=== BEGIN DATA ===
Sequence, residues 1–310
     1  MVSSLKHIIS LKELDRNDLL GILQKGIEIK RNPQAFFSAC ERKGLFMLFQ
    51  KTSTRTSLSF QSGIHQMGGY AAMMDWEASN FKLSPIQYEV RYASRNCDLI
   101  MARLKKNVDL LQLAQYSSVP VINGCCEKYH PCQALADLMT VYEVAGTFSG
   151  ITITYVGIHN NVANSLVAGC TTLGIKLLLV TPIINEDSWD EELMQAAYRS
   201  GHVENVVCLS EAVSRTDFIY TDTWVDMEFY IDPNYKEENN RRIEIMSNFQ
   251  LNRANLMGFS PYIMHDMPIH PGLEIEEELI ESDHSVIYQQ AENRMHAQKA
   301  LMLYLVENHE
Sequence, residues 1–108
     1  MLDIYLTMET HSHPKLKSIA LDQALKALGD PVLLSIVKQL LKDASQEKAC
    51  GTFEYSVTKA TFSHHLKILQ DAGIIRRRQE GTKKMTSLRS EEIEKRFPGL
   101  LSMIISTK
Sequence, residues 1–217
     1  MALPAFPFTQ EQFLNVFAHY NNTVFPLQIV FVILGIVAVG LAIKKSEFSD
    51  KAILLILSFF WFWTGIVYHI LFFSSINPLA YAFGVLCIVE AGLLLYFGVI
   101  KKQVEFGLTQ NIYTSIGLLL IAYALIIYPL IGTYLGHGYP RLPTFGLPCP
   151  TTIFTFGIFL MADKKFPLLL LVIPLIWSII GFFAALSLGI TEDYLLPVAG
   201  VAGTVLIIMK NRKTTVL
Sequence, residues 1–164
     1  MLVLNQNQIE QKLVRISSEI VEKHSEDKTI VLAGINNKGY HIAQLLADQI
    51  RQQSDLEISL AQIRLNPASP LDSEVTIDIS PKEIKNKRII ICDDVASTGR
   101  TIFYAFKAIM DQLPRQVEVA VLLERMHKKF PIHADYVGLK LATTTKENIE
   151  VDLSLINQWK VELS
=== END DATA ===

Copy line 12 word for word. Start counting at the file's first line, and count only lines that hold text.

   101  LSMIISTK